It'll get about 25 fps where the 7600 GT gets 15. Oblivion likes Ati cards...

We actually chose the X1650 XT for the low-cost PC but we had an issue. Still don't know if it was a bad card, or if the card didn't like the MSI mobo... so we used a 7600 GT we had lying around. :) 
May 8, 2007 9:31:14 PM

Not bad. I also noticed the PSU mix ups (wrong 12v amperage and wrong PSU in the table).

You spent WAAAAAY too much on case + PSU for a not-overclocked "budget" rig. You should be lookin for either <$20 cases and buying a new PSU or cases that come with decent PSUs. Really shouldn't cost over $80.

You might want to bench the difference between single channel and dual channel ram and revisit that decision. You can get 2x1gb of DDR2-667 for not much more than $70 and in dual channel they should provide better performance in almost all situations having more bandwidth, comparable latency, and 2x as much RAM.

Also, this might be a bad time to do this review. Prices aren't stable. When you do the final comparison article be sure to re-evaluate the cost of each system and mention that prices aren't stable and some of the lower-cost alternatives for those that don't know.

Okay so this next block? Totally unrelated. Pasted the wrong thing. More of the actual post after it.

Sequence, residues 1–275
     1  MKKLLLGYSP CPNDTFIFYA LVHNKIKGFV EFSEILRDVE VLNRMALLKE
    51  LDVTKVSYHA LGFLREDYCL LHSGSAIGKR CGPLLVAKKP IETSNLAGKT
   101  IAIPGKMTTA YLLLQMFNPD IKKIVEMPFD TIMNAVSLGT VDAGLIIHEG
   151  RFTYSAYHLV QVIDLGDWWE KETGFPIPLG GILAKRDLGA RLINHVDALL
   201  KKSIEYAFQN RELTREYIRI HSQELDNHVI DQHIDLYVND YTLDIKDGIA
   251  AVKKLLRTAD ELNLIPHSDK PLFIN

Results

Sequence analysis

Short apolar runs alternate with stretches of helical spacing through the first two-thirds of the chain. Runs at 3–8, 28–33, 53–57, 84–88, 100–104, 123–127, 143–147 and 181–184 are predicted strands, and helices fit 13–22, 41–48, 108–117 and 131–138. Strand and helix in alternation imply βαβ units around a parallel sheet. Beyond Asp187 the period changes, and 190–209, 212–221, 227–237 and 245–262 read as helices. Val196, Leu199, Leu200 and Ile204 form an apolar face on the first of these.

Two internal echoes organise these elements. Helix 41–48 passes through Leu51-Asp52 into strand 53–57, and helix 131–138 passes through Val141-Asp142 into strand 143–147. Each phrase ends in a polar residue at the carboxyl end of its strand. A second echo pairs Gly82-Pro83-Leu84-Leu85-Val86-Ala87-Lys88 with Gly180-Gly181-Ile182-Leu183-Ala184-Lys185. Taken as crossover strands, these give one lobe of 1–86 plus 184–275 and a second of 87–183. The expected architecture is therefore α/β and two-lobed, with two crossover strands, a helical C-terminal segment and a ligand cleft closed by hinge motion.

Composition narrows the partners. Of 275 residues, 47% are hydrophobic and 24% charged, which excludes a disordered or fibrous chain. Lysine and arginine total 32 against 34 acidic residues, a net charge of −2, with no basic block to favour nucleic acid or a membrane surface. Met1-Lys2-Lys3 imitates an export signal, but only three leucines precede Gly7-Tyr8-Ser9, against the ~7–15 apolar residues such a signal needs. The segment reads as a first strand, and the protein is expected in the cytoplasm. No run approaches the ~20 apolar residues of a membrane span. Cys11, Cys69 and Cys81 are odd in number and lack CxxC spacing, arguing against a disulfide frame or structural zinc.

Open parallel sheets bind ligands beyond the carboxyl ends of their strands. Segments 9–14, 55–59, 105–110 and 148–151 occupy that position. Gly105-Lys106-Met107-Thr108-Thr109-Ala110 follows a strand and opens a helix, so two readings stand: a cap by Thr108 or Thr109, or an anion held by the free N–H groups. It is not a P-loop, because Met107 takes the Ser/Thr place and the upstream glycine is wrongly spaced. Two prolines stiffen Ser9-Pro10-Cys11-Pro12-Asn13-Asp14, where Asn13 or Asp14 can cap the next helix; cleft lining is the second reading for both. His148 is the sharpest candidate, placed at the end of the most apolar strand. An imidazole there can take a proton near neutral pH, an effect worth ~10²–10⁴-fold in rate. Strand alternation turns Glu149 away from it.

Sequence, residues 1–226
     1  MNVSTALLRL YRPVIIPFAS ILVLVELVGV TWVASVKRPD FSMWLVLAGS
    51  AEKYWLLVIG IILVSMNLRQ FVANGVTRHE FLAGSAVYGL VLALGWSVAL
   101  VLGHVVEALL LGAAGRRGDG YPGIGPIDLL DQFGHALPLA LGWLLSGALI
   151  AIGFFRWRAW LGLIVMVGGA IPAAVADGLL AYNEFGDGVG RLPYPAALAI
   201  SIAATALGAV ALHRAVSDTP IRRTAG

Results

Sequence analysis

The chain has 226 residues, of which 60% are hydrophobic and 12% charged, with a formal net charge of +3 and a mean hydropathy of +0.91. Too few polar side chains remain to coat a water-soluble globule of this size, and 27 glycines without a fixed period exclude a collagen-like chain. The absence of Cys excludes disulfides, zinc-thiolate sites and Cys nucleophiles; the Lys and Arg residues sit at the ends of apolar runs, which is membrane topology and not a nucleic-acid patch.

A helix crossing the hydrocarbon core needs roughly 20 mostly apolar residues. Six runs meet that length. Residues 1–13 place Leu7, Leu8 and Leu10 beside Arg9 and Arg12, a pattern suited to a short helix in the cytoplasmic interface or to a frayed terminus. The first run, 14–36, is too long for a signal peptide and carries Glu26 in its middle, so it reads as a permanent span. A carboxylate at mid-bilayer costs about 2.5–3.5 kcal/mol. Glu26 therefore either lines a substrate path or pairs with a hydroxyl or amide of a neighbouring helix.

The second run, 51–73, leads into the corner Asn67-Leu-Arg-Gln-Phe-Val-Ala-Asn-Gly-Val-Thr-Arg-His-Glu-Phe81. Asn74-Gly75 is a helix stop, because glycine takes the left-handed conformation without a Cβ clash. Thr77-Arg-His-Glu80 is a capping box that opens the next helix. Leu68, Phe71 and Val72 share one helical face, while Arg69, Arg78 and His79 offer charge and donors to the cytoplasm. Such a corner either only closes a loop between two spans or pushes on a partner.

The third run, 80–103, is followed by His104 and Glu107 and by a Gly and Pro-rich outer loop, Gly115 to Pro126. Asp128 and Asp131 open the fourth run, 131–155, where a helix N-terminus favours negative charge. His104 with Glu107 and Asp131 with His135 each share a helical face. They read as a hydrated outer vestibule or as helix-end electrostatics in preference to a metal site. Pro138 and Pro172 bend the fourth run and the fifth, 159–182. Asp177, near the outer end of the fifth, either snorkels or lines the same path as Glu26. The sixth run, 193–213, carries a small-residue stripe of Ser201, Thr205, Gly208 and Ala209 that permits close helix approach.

May 8, 2007 10:12:54 PM

Ahhhhh ... expensive isn't always better .... :D  build smart
May 8, 2007 10:19:51 PM

Quote:
You spent WAAAAAY too much on case + PSU for a not-overclocked "budget" rig. You should be lookin for either <$20 cases and buying a new PSU or cases that come with decent PSUs. Really shouldn't cost over $80.


dunno man, IMO they could have spent more on the psu. This is just me, they did mention NOT to skimp on the psu and I agree with them totally on this aspect. It is the one component inside a case that is replaced the least, lasts the longest and can cause the most problems when it is a cheap one. I have had more issues that are traced to psu failure, and any time that has happened it was a cheap psu. My current one is as cheap as I would ever go, and even this moment I regret going that cheap. (no problems, but it nags at me, am gonna upgrade it here soon)

A cheap psu can even cause premature component failure elsewhere with "dirty" power or improper/fluctuating specs. Really, I think they hit a good balance...

...again, that is just me. :p 
May 8, 2007 10:25:24 PM

Yep, sojrner's spot on the money. Frankly, I no longer recommend anybody get a case that comes with a PSU at all unless the included PSU is a decent name brand/has proven itself through testing.